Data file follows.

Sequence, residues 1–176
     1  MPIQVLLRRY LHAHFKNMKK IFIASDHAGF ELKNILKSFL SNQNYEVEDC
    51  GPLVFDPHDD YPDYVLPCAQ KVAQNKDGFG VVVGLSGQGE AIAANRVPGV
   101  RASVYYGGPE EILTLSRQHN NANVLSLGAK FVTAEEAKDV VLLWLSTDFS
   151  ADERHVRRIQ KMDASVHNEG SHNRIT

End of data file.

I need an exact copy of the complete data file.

Sequence, residues 1–176
     1  MPIQVLLRRY LHAHFKNMKK IFIASDHAGF ELKNILKSFL SNQNYEVEDC
    51  GPLVFDPHDD YPDYVLPCAQ KVAQNKDGFG VVVGLSGQGE AIAANRVPGV
   101  RASVYYGGPE EILTLSRQHN NANVLSLGAK FVTAEEAKDV VLLWLSTDFS
   151  ADERHVRRIQ KMDASVHNEG SHNRIT